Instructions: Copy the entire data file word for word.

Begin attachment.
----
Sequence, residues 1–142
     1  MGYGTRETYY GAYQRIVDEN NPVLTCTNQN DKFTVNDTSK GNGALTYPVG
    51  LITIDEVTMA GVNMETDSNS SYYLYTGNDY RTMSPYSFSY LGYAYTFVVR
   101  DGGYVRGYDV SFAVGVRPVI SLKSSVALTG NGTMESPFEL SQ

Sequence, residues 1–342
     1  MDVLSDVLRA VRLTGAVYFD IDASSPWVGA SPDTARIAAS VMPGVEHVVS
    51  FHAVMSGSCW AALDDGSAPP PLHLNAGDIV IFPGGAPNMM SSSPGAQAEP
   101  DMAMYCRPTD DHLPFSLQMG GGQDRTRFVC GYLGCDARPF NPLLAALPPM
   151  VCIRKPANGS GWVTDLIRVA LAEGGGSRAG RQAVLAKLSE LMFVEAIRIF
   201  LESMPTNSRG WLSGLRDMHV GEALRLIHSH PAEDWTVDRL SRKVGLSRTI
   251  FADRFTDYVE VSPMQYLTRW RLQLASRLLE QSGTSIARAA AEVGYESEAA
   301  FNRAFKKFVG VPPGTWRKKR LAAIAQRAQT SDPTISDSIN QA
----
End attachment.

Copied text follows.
Sequence, residues 1–142
     1  MGYGTRETYY GAYQRIVDEN NPVLTCTNQN DKFTVNDTSK GNGALTYPVG
    51  LITIDEVTMA GVNMETDSNS SYYLYTGNDY RTMSPYSFSY LGYAYTFVVR
   101  DGGYVRGYDV SFAVGVRPVI SLKSSVALTG NGTMESPFEL SQ

Sequence, residues 1–342
     1  MDVLSDVLRA VRLTGAVYFD IDASSPWVGA SPDTARIAAS VMPGVEHVVS
    51  FHAVMSGSCW AALDDGSAPP PLHLNAGDIV IFPGGAPNMM SSSPGAQAEP
   101  DMAMYCRPTD DHLPFSLQMG GGQDRTRFVC GYLGCDARPF NPLLAALPPM
   151  VCIRKPANGS GWVTDLIRVA LAEGGGSRAG RQAVLAKLSE LMFVEAIRIF
   201  LESMPTNSRG WLSGLRDMHV GEALRLIHSH PAEDWTVDRL SRKVGLSRTI
   251  FADRFTDYVE VSPMQYLTRW RLQLASRLLE QSGTSIARAA AEVGYESEAA
   301  FNRAFKKFVG VPPGTWRKKR LAAIAQRAQT SDPTISDSIN QA